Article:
Energy company changes strategy

September 27, 2002|by JULIE E. GREENE

With the current climate in the energy industry, Allegheny Energy has changed its strategy in recent months in an attempt to improve its financial performance, a company spokeswoman said Thursday.

Allegheny is eliminating an unknown number of positions, accepting more than 600 early retirements and deciding whether to sell assets such as power plants and long-term power sales agreements, corporate spokeswoman Cynthia Shoop said.

The company told shareholders at the end of the second quarter that it was embarking on a different strategy that includes scaling back energy trading operations, Shoop said.


On Wednesday, Allegheny filed a lawsuit in New York State Supreme Court against Merrill Lynch over Allegheny's purchase in March 2001 of Merrill's energy trading unit.

The lawsuit accuses Merrill Lynch of misrepresenting the unit's trading volume, revenues and growth so it could inflate the energy trading unit's worth and unload it.

Merrill Lynch filed suit against Allegheny on Tuesday in U.S. District Court in New York, stating Allegheny was trying to avoid paying $115 million it owes Merrill for the unit, Global Energy Markets.

When Allegheny announced a net loss of $32.3 million in July, the company's statement said the utility would reduce its reliance on energy trading and take other steps to bolster the utility's financial performance during changing times in the energy industry, Shoop said.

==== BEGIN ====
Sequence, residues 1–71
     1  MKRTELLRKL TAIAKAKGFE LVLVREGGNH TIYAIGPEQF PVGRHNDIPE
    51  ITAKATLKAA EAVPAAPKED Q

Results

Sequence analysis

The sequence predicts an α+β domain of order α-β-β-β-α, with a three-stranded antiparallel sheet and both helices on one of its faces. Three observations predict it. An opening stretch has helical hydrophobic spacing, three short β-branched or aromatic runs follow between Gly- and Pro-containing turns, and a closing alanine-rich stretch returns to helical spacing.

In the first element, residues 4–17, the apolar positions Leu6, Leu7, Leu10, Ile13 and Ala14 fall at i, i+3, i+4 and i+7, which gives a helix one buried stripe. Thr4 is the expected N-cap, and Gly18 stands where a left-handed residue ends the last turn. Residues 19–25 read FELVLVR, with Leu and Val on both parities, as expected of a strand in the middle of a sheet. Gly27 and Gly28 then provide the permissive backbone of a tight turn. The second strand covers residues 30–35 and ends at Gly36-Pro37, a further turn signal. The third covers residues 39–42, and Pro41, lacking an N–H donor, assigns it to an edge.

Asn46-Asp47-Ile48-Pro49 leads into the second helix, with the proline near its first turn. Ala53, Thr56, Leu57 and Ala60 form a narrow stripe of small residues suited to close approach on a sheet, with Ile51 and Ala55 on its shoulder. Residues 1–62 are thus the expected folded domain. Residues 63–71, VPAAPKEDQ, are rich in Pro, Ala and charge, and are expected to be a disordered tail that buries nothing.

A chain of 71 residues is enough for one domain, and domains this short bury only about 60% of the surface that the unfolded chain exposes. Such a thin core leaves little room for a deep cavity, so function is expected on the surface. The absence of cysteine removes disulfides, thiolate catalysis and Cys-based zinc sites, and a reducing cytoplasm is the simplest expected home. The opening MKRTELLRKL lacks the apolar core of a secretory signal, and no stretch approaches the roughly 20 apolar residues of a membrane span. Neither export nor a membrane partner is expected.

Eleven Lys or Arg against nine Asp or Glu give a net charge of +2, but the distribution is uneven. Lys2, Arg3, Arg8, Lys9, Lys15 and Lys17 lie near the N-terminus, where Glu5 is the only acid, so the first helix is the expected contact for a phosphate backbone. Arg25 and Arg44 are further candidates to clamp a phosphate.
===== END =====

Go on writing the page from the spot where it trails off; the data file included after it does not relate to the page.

More than 600 people companywide have accepted early retirement, an option the company offered in July, Shoop said. Those retirements will be spread out, Shoop said.

"We're working with the different parts of the business and employees to make a smooth transition," Shoop said.

Before the July 8 announcement, Allegheny had 6,000 total employees in 15 states. Of those, 577 employees worked in the Tri-State area.

Shoop said she could not say how many of the people taking early retirement work in the Tri-State area.

Those people still have the option of opting out of early retirement, she said.

The company also will eliminate occupied positions, but Shoop said she couldn't say how many.

People in those positions will be given the opportunity to apply for other Allegheny Energy jobs while they are still employed by Allegheny, Shoop said.

Allegheny officials also are considering selling a portfolio of certain long-term power sales agreements, Shoop said.

Those agreements give Allegheny the ability to trade or sell power from power plants the utility doesn't own, to areas in the western United States, she said.

They do not include agreements Allegheny has to provide power to local municipalities such as Hagerstown, Shoop said.

Shoop said these moves should not affect customers.

Shoop wouldn't comment on Allegheny's stock price, which has fallen from a peak of $43.86 in April to $13.07 at the close of trading Thursday.

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